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Title: Commonwealth Short Story Competition 2007
Date: 30-Mar-2007
Category: CPA

Press Release 12 February 2007

The Commonwealth Foundation and the Commonwealth Broadcasting Association are now calling for entries for the 2007 Commonwealth Short Story Competition.

This highly acclaimed international competition has been an essential platform for now renowned writers such as Chimamanda Ngozi Adichie, who went on to win the Commonwealth Writers' Prize for 'Purple Hibiscus'. The competition gives winners the chance to have their story broadcast around the world on the radio and offers a first prize of 2,000, as well as other cash prizes.

Erin Soros of Canada, overall winner of the 2006 Commonwealth Short Story Competition, said that the prize meant a great deal to her because she was able to heighten awareness of an aspect of life in British Columbia that is rarely discussed:

"Winning the Commonwealth Short Story Prize for 'The Moon, the Cat and the Donkey' means a great deal to me. While the story is fictional, the described circumstances arise from the history of logging in British Columbia, with its inherently dramatic setting and risks. Logging remains the most dangerous occupation in Canada. The danger of this work, and the resulting injury and death, is not necessarily witnessed in the discourse of Canadian nationalism, so I am honoured that this story will be broadcast internationally and hope it may inspire listeners to consider the often complex and hidden histories of our Commonwealth. Hearing the broadcast will be like hearing a character walk off the page."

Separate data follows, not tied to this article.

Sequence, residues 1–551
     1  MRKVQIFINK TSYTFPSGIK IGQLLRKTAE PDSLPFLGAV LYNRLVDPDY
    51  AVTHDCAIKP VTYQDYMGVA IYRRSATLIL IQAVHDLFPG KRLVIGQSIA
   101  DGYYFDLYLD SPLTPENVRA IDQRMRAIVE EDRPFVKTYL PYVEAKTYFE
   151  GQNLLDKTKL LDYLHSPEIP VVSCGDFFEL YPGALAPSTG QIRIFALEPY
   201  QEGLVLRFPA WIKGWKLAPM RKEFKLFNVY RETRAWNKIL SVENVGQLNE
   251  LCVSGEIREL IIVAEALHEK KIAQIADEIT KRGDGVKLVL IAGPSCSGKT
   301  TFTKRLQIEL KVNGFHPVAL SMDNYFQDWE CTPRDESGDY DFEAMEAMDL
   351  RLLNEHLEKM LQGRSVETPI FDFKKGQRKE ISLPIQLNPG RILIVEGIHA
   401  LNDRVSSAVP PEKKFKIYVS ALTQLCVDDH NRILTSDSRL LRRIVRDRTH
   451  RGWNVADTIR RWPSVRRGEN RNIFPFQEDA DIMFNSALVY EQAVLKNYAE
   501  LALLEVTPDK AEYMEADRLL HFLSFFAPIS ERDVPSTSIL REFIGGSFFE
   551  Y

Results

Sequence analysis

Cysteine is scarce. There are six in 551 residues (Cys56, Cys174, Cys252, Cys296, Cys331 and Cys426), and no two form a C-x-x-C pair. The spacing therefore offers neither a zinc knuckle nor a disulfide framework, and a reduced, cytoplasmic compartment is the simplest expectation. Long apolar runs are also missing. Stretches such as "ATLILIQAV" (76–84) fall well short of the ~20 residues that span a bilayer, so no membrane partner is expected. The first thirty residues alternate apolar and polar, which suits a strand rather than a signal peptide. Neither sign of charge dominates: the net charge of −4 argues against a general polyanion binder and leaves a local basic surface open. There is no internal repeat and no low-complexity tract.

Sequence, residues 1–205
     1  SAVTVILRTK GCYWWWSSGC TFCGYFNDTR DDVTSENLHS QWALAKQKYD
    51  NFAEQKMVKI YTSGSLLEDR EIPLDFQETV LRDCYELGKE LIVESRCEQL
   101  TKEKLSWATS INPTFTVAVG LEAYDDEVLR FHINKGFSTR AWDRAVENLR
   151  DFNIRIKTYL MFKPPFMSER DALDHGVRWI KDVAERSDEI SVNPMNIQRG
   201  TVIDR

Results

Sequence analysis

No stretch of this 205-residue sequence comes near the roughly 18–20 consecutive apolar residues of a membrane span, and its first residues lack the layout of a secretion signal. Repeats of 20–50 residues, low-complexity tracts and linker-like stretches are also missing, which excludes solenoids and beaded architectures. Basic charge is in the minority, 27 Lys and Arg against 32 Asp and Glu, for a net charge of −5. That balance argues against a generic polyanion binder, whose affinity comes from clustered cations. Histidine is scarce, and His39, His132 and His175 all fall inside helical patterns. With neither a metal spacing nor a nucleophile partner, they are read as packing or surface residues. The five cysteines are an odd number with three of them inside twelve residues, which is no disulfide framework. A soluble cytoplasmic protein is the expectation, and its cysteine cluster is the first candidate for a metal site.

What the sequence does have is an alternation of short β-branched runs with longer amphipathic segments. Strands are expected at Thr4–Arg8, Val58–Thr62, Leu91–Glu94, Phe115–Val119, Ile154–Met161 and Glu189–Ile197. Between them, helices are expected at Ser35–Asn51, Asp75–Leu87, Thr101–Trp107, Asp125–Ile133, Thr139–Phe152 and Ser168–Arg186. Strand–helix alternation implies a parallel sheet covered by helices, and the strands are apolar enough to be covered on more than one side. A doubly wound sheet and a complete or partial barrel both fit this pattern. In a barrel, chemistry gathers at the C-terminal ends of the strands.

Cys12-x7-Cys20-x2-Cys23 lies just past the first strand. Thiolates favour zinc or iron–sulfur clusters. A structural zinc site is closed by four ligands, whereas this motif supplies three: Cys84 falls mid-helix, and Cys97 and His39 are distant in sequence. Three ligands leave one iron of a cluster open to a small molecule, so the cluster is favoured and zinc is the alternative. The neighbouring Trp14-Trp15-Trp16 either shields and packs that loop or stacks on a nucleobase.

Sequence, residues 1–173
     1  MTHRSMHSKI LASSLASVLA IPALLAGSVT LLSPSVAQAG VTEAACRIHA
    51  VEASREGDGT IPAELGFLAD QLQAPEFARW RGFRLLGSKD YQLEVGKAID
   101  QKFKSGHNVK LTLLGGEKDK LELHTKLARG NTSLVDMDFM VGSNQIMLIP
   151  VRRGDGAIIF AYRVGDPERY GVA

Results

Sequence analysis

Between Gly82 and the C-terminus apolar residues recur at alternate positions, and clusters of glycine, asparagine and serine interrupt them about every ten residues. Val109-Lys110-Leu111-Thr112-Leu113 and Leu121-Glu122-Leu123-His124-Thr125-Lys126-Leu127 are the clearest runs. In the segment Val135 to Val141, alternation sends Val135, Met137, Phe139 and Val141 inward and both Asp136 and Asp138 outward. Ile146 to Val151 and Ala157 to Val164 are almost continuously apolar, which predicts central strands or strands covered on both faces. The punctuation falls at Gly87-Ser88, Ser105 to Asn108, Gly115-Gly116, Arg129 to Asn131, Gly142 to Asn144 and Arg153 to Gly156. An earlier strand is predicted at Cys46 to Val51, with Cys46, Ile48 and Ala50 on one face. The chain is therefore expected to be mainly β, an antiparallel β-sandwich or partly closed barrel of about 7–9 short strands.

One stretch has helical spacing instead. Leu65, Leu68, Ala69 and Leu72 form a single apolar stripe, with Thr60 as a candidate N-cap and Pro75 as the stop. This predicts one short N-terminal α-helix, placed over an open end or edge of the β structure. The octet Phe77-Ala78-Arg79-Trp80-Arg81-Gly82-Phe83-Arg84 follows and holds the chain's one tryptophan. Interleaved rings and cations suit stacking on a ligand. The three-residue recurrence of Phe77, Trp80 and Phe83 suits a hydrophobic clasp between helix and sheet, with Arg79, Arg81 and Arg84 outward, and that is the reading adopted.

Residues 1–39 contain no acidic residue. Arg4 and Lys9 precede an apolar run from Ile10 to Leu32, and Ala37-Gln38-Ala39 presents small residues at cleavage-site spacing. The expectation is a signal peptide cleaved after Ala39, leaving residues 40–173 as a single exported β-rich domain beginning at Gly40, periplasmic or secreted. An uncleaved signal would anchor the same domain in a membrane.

Amateur and professional writers alike are invited to submit their short story for consideration. The stories must be around 600 words in length, and may be on any theme or subject. Applicants must be citizens of one of the 53 member countries of the Commonwealth. Entries will be accepted until 1 May 2007. Full entry details and rules are attached

The winning stories - around 25, including an overall winner, regional winners and highly commended entries - will be professionally recorded and broadcast on radio stations around the Commonwealth.

For more information, visit

Notes to Editors

 Over the years, some winners of the competition have gone on to achieve notable success. The well-known Nigerian writer Chimamanda Ngozi Adichie, for example, first won a Commonwealth Short Story Competition prize before going on to win the overall Best First Book award in the 2005 Commonwealth Writers' Prize, as well as being shortlisted for the Orange Prize, for 'Purple Hibiscus'.  Her latest novel 'Half of a Yellow Sun' has just been shortlisted in the Africa region of the 2007 Commonwealth Writers' Prize. Usha Rajagopalan, an Indian writer, after winning the competition published an acclaimed first novel 'Amrita', while Laurie Kubuitsile, from Botswana, who received a Highly Commended award in 2004, has since reached international audiences, winning a prize in the John Reid/Tom Howard contest (USA) and being published in magazines in the UK.

The competition, which has been held each year since 1996, is administered by the Commonwealth Broadcasting Association and funded by the Commonwealth Foundation as part of its Culture and Diversity Programme. The competition exists to increase understanding between and appreciation of different Commonwealth cultures, to showcase the rich diversity of the Commonwealth and to support rising literary talents.